Lottie Shackelford honored for historic and legendary service in Arkansas politics

lottie shackelford

If Lottie Shackelford is not a household name in American politics, it should be. The legendary Arkansas politico was recently honored for her illustrious and historic career that includes being the first woman mayor elected in Little Rock, Ark., and is currently the longest-serving Democratic National Committee Vice Chair in history. She has been a leader in the Arkansas Democratic Party for decades and has served as a delegate to every DNC convention since 1980.

She spoke with rolling out about where the inspiration for her august career emanated.

“ It began with the people in my community and church and my parents most of all. I just can’t fathom being without the encouragement of my parents. My mom and dad reminding us that we can do anything and be anything,” she said. “People learned to read in slavery when they were prohibited. So if you wanted to do it, you will do it. You’ve got to keep pushing forward. Don’t ignore racism, but don’t use as an excuse not to do what you want to do in life.”

In 1987, she became the first woman elected mayor of Little Rock and, six years later, President Bill Clinton appointed her to the Board of Directors of the Overseas Private Investment Corporation (OPIC), making her the first African American woman to serve in that capacity. She is also the longest serving Vice Chair of the Democratic National Committee, having been continuously re-elected to the position since 1989 and working with six different Chairmen over the past eighteen years.

When asked what books she read that have helped her along on her amazing journal, Shackelford quickly said, “biographies of people. There is something fascinating to me reading about lives of people. Motivated to do more, most of the time you’ll gleam something from it. I was inspired by (former Democratic vice presidential candidate) Geraldine Ferraro, who said you cannot wait and let things happen. You have to plan and strategize and make things happen.”

Shackelford received a Bachelor of Arts degree in Business Administration from Philander Smith College in Little Rock. Afterward, she was a Senior Fellow at the Arkansas Institute of Politics, and, most prestigiously, a fellow at the John F. Kennedy School of Government at Harvard University.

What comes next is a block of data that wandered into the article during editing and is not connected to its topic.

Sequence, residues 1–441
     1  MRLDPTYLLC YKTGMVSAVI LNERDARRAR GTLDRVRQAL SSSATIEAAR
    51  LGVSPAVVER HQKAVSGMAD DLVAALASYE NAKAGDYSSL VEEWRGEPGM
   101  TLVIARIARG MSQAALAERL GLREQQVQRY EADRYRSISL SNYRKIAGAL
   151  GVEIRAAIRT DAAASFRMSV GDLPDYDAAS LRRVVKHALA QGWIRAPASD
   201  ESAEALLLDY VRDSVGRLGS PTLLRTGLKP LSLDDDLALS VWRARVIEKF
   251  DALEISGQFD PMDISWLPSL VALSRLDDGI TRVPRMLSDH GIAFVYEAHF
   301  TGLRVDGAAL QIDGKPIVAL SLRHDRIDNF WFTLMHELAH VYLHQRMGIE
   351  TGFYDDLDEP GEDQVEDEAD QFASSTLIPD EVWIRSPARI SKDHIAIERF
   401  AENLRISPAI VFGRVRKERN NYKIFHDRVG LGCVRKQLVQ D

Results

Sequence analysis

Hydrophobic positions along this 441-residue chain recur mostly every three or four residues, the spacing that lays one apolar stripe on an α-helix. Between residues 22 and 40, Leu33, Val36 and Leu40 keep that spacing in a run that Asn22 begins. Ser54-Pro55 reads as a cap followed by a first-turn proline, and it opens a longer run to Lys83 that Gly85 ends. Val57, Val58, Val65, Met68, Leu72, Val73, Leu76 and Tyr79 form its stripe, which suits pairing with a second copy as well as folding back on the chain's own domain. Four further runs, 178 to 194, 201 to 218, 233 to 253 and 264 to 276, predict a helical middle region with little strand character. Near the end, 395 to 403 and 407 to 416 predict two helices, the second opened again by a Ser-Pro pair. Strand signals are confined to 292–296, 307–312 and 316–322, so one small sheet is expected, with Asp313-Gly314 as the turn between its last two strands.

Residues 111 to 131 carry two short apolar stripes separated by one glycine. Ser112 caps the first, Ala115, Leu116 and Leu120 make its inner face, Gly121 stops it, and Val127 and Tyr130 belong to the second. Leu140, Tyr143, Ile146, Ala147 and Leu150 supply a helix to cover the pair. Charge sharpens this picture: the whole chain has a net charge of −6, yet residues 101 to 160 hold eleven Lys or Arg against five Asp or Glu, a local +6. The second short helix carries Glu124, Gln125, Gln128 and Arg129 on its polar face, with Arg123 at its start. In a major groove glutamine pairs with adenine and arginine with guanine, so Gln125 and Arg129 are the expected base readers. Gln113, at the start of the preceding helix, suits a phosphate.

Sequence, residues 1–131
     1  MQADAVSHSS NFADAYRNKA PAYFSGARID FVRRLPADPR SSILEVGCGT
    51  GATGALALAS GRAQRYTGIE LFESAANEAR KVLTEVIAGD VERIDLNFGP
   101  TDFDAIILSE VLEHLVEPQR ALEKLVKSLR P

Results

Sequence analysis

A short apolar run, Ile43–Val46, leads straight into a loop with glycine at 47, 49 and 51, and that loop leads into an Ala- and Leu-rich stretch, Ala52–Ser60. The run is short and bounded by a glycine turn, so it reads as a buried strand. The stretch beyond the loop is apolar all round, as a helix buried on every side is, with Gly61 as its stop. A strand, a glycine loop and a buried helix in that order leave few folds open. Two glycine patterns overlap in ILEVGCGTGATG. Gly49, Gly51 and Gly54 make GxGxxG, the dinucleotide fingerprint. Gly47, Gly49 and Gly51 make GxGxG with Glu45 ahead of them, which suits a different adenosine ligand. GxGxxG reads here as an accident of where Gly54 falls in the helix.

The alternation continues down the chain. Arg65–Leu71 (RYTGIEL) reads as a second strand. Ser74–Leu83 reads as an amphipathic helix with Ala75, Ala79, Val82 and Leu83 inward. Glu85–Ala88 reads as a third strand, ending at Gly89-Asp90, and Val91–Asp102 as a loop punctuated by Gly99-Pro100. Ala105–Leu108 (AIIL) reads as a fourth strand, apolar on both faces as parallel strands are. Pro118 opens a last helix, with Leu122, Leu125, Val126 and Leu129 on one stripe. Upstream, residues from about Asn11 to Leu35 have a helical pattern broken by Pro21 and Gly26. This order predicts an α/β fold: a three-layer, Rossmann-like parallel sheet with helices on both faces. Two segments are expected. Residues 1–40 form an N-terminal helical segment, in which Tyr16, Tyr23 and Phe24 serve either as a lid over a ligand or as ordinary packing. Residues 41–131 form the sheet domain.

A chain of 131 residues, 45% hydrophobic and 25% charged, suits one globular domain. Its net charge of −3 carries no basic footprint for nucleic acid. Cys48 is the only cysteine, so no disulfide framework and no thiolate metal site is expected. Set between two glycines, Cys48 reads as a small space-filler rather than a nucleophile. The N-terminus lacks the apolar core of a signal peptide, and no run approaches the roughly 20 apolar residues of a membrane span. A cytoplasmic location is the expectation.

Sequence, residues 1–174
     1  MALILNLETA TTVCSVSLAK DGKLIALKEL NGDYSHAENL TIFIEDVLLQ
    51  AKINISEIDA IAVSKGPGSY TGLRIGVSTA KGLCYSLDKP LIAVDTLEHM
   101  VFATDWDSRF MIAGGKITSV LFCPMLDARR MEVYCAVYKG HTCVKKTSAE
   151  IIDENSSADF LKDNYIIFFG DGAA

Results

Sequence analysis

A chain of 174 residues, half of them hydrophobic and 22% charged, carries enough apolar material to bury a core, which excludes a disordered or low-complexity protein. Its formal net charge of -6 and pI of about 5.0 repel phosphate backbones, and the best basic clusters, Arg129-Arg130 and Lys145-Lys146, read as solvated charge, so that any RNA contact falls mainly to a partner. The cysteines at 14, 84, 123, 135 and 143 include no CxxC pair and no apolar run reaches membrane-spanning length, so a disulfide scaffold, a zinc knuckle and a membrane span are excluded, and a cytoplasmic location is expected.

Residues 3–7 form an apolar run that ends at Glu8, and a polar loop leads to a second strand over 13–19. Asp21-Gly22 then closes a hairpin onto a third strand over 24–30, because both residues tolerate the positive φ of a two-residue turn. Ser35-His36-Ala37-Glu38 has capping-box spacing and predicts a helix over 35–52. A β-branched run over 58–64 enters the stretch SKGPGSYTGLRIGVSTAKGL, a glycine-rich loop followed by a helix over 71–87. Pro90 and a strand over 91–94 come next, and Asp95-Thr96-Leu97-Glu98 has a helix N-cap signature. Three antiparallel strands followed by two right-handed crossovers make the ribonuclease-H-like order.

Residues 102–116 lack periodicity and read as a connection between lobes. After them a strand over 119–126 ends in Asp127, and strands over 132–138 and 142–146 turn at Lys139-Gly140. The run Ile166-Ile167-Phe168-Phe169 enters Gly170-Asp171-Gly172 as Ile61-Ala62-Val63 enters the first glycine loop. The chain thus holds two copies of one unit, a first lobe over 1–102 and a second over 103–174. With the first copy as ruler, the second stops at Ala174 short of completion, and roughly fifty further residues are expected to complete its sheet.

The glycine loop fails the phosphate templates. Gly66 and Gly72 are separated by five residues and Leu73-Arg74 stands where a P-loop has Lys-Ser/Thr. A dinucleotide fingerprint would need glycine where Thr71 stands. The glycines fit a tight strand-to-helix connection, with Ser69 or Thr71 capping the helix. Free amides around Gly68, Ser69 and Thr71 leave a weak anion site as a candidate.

Shackelford’s political career began in 1978 when she was elected to the Board of Directors for the city of Little Rock, Arkansas, and was re-elected city-wide three times to that position before becoming the City’s first woman Mayor. During her tenure in local government, Ms. Shackelford directed liaison activities for minority businesses and held leadership positions in the National League of Cities. Additionally, she presented papers on local government, economic development and electoral politics, both nationally and internationally, and has led economic trade missions and conducted lecture tours in Europe, Asia, and Africa.

Shackelford said that, on the few times she has looked back on her career, she is amazed at what she has experienced, with whom she has worked and the places she has been.

“I had to work on presidential campaigns, is one that I each passing day I have learned that is something few people ever get to do and work with or some someone way before. It’s still a pinch me kind of experience working with someone I admire and someone I knew. It is a very genuine, sense of caring, concern, and the people who work with him.  I still get a little teary eyed to think how blessed I was to have that opportunity and to be able to share with others and meet as many people as I have.”

With as much success as she has had in politics, Shackelford is disappointed that more African Americans don’t seek to serve their community in similar capacities as she has.

“I’m a little saddened. There are still not enough young people and African Americans engaged in the long haul in politics. There are a few, but not enough,” she said. “In 2014, we celebrate 50 passages Civil Rights Act and Voting Rights Acts. However, we still don’t have enough in the state assembly. We just gotta do so much more. We still have to be at the table, the congressional table, city hall table, congressional table, county hall table.”

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